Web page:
Against resolutions. Against the yearly
I didn't make any New Year's resolutions, because why would I? Why make resolutions? Why do it at the beginning of a year?
As ever, the wisdom of master Yoda must prevail: "Do or do not. There is no try." Intention is indispensable. We do need plans! But "I'm going to go to the bank before five" isn't a resolution in the relevant sense. A resolution is a contrived promise we make to ourselves, generally with corrective or remedial intent. Self-improvement through self-promising seems about as likely as making a million dollars writing checks to yourself. How many people are you anyway?
Wanting to want or not want to do something is a pickle we can't trick ourselves out of by harder meta-wanting. Either you somehow alter the first-order desire (all riches will flow to she who holds the secret) and, as Yoda says, do or do not, or you don't, and you do or do not do what you wish you wouldn't. Better to just note the conflict between what you want and what you want to want, and not make such a big deal about it. You can't feel bad about breaking promises you never made.
But you're going to keep on doing it, though, aren't you? Then here's what I pointlessly suggest you pointlessly resolve to do: to develop what Keats called "negative capability," which the Wikipedian hive-mind helpfully describes as "the capacity of human beings to reject the totalizing constraints of a closed context, and to both experience phenomenon free from any epistemological bounds as well as to assert their own will and individuality upon their activity." I'm telling you, you will lose weight!
And why wait? What does the time it takes for Earth to make it 'round the sun have to do with your regimen of self-improvement? Nothing. You didn't get fat last year. You're getting fat right now, always, unless you know it and act like you care, or you're a communist who lives on kale.
Anyway, the Earth's trip around the sun holds altogether too much sway in our lives. Why not count in full moons? Why not? Why the best books of 2011? A year is too short. You can't read all those books. New ones just keep coming out and you're not Tyler Cowen. I want to know the best books of however long the current era of literary fashion has prevailed. Four years? 27? Does this new book go on that list, or is it merely one of the ten best of this arbitrary January-to-January period, in which it is entirely possible no really good books were published? In film, the tyranny of the annual is a curse. The Academy Award nomination date ought to be randomized to ensure a smoother distribution of quality releases throughout the year. When I am feudal lord of a seastead, it will be so.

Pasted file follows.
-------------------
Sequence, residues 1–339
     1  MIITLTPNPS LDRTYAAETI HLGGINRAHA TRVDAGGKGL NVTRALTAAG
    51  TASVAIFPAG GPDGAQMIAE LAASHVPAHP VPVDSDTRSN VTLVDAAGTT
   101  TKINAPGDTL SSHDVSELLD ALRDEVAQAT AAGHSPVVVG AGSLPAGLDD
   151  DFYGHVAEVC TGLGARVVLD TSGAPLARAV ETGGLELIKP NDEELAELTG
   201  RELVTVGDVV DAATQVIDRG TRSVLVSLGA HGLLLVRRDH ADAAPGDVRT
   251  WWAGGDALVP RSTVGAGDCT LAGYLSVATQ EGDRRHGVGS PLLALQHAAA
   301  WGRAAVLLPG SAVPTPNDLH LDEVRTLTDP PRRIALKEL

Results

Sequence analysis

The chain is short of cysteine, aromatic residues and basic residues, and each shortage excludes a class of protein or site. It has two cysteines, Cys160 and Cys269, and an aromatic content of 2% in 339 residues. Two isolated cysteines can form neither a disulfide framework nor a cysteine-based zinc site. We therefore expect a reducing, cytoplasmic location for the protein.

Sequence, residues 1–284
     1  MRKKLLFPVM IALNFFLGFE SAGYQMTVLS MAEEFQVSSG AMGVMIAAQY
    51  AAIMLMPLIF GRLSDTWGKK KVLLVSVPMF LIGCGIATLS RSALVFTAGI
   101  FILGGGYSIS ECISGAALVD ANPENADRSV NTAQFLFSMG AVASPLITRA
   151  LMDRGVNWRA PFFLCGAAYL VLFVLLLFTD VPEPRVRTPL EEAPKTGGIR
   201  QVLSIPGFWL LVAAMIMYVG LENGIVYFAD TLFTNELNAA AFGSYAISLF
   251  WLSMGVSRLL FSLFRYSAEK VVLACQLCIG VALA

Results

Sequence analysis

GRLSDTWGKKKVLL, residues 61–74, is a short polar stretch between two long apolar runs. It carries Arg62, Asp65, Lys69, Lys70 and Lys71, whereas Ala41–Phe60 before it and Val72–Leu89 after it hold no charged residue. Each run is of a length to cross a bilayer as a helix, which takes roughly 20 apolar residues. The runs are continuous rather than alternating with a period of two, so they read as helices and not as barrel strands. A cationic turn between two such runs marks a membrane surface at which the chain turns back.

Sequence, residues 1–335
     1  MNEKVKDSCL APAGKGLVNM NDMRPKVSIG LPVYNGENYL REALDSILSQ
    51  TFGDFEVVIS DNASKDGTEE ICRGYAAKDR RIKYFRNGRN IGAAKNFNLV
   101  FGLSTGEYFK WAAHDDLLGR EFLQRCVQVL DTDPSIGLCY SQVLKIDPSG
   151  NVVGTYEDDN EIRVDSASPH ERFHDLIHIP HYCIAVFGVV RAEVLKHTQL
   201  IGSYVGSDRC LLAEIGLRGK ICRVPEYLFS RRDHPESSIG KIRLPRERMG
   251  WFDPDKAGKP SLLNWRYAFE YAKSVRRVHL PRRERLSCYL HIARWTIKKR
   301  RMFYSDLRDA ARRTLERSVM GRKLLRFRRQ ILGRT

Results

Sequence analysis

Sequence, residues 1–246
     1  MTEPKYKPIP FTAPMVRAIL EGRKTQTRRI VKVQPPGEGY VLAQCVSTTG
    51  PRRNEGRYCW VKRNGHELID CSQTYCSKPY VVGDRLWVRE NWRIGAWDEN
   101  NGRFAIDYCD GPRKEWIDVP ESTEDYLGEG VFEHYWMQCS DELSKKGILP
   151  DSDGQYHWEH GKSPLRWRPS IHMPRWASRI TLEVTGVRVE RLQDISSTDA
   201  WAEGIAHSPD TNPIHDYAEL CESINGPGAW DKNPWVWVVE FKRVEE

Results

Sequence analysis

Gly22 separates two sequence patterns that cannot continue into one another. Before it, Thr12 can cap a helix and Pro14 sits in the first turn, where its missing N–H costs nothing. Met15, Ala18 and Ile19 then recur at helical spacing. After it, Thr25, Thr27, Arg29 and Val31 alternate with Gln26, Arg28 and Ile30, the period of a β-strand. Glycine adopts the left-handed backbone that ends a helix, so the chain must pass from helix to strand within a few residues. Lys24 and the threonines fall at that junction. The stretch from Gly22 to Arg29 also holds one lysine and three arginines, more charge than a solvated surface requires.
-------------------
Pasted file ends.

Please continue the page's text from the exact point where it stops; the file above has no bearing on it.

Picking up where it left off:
I just got an email from Mint.com in my inbox. Subject: 2012 Money Resolutions. Deleted.
Here's the science of black holes, from supermassive monsters to ones the size of ping-pong balls.
- There's more than one way to make a black hole, says NASA's Michelle Thaller. They're not always formed from dead stars. For example, there are teeny tiny black holes all around us, the result of high-energy cosmic rays slamming into our atmosphere with enough force to cram matter together so densely that no light can escape.
- CERN is trying to create artificial black holes right now, but don't worry, it's not dangerous. Scientists there are attempting to smash two particles together with such intensity that it creates a black hole that would live for just a millionth of a second.
- Thaller uses a brilliant analogy involving a rubber sheet, a marble, and an elephant to explain why different black holes have varying densities. Watch and learn!
- Bonus fact: If the Earth became a black hole, it would be crushed to the size of a ping-pong ball.
Protected animals are feared to be headed for the black market.
In a breakthrough for nuclear fusion research, scientists at China's Experimental Advanced Superconducting Tokamak (EAST) reactor have produced temperatures necessary for nuclear fusion on Earth.
- The EAST reactor was able to heat hydrogen to temperatures exceeding 100 million degrees Celsius.
- Nuclear fusion could someday provide the planet with a virtually limitless supply of clean energy.
- Still, scientists have many other obstacles to pass before fusion technology becomes a viable energy source.
SMARTER FASTER trademarks owned by The Big Think, Inc. All rights reserved.